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Old 11-15-2015, 12:47 PM   #1
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Coaxial Cable Outlets

I've seen so many topics around the subject of figuring out how these travel trailers are wired for cable or satellite.

I've got a SilverBack 29RE by Cedar Creek. Although I have the Living Area working fine with my Dish, I can't figure out why the bedroom and outside jacks aren't simply connected to the receiver in the living room as primary/default hookup. It just seems to me that most folks like me will not be bringing more than one receiver for their travel trailer. Wouldn't it make more sense to wire everything to work from one receiver? That's exactly how I'd like to have mine done.

Currently coax coming into the receiver brings in the signal. An HDMI cable feeds the LR TV. I'd like to use the coax "Out to TV" to feed back into the wall to get to the other two jacks.

What are your thoughts on this? Has anyone located the junction box for the coaxial cabling in an 29RE? Is it possible to just manipulate current wiring and get what I want without running new wire?
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Old 11-16-2015, 08:56 AM   #2
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In most RV's the amplifier plate has all the coax connections on the back of it. You should be able to remove it and figure out which cable goes to the other jacks.

People have bought bulkhead connectors and installed them in the plate and hooked the coaxes to the other locations to them and then used jumpers to route the signals as desired.
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Old 11-16-2015, 09:38 AM   #3
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I have attached two PDF's files that my dealer provided on the Cedar Creek TV wiring from the satellite and or Antenna. These might help you with the issues of watching the satellite reception in the bed room.
Attached Files
File Type: pdf WF-710 ForestRiver Traveler prewire.pdf (671.5 KB, 111 views)
File Type: pdf WF-745 CedarCreek PowerSupply[1].pdf (495.6 KB, 84 views)
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Old 11-16-2015, 10:16 AM   #4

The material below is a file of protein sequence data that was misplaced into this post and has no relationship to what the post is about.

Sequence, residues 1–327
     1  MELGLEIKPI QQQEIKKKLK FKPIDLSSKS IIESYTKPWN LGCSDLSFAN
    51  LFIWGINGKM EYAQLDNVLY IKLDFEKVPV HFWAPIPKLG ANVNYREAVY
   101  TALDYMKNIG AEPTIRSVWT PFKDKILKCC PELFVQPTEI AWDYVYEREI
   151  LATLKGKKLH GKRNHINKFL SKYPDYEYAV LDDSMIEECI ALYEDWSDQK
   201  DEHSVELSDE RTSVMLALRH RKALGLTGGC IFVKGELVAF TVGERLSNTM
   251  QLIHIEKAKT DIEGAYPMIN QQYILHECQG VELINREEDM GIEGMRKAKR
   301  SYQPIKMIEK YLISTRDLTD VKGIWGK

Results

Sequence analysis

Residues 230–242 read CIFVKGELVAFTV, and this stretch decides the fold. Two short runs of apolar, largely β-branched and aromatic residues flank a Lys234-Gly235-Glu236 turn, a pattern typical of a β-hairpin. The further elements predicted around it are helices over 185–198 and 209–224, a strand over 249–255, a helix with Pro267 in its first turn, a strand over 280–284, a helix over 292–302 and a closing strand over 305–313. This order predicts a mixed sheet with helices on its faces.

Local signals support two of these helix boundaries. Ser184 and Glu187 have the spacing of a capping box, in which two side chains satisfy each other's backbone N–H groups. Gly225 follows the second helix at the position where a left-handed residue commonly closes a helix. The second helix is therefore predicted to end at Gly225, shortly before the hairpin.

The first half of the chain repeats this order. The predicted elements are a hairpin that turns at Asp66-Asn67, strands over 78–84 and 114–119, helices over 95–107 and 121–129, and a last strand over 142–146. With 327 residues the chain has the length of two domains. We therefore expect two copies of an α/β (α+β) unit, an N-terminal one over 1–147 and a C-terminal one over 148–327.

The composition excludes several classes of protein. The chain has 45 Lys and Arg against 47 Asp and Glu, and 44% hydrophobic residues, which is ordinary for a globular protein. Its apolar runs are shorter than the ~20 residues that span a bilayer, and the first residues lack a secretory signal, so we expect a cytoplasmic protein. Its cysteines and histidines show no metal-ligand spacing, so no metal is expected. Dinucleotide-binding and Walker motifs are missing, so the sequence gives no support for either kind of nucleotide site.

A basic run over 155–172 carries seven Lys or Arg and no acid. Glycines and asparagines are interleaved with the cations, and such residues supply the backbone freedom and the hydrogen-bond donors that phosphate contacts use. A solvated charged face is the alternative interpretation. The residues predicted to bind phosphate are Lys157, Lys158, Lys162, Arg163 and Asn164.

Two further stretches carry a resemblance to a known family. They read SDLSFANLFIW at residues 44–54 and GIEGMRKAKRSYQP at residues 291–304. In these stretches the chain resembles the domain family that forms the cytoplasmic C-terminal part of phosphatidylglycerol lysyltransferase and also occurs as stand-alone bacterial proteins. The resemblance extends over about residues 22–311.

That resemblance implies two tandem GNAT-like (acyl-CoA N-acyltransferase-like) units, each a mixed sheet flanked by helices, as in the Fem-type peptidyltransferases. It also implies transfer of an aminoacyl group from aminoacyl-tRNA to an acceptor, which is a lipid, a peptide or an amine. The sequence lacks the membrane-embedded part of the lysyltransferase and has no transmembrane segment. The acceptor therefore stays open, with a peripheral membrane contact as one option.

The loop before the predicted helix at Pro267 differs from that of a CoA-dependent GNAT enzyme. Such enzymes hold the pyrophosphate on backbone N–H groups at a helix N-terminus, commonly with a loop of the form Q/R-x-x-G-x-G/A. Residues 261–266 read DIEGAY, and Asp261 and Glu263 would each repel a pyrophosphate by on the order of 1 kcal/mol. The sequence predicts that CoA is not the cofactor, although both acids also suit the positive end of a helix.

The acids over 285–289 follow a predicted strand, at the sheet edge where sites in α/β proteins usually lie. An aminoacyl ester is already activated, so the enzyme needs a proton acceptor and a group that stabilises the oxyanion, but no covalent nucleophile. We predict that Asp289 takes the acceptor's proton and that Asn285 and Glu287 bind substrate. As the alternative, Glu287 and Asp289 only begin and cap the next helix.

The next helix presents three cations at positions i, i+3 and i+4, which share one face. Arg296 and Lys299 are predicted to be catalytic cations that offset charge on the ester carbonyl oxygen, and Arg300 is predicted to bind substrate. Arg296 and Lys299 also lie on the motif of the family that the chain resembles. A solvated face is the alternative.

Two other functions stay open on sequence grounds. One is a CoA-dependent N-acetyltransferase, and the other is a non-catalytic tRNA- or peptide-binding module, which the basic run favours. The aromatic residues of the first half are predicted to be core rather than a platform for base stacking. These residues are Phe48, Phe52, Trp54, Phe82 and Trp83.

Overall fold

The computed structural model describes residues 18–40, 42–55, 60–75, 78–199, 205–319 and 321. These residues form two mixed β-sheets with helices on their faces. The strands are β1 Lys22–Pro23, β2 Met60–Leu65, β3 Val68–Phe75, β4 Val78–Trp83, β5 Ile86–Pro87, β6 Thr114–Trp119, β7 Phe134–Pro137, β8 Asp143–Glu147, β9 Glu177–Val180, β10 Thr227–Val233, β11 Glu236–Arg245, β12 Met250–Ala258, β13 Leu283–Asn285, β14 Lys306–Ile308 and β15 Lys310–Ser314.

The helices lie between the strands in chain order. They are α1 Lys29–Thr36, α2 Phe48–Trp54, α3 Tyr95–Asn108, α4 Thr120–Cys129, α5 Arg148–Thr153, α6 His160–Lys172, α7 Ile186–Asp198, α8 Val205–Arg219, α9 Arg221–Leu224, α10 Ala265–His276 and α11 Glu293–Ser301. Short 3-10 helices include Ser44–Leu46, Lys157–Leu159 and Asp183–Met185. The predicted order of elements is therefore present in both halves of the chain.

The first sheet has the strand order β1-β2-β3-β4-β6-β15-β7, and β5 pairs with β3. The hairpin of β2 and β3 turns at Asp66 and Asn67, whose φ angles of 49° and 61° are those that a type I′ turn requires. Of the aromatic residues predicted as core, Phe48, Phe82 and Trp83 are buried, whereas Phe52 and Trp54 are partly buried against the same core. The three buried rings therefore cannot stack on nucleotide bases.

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Quote:
Originally Posted by Jim34RL View Post
I have attached two PDF's files that my dealer provided on the Cedar Creek TV wiring from the satellite and or Antenna. These might help you with the issues of watching the satellite reception in the bed room.
In your second attachment if you wanted to use any of the existing wiring shown for satellite, you would need to reconfigure it all at the amplifier plate by using a splitter and A-B switch/switches so you still maintained the ability to use the antenna. Those amplifier plates are not sat friendly. The added splitter for distribution and any of the factory installed ones shown will need to be "power pass" splitters to work with satellite.

The prewiring for the roof mounted sat is awesome, but would be a little problematic if your in the woods a lot. Thats a complete separate system from the wiring in your 2nd attachment?

I've rewired a few on my own, and quite a few for other people, and the only thing for sure is nothing is for sure. It seems they wire them different from unit to unit.
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Old 11-16-2015, 11:13 AM   #5
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Quote:
Originally Posted by MichaelDStark View Post
I've seen so many topics around the subject of figuring out how these travel trailers are wired for cable or satellite.

I've got a SilverBack 29RE by Cedar Creek. Although I have the Living Area working fine with my Dish, I can't figure out why the bedroom and outside jacks aren't simply connected to the receiver in the living room as primary/default hookup. It just seems to me that most folks like me will not be bringing more than one receiver for their travel trailer. Wouldn't it make more sense to wire everything to work from one receiver? That's exactly how I'd like to have mine done.

Currently coax coming into the receiver brings in the signal. An HDMI cable feeds the LR TV. I'd like to use the coax "Out to TV" to feed back into the wall to get to the other two jacks.

What are your thoughts on this? Has anyone located the junction box for the coaxial cabling in an 29RE? Is it possible to just manipulate current wiring and get what I want without running new wire?
Your existing coax (park cable/over air) routing allows viewing of all TV's of whatever source is selected. It is accomplished via splitter(s). Right now you have just isolated the receiver to the front TV via the HDMI cable. You need to find out which coax feeds the splitter(s) and connect it to your receiver. Splitters on the output of your receiver will not have any adverse affect on the signal to the other TV's. Of course that will only allow sat tv throughout your unit. A/B coax switches are easily installed to switch between inputs to all TV's. There are certainly numerous ways to attack this issue and other members chiming in will present theirs.
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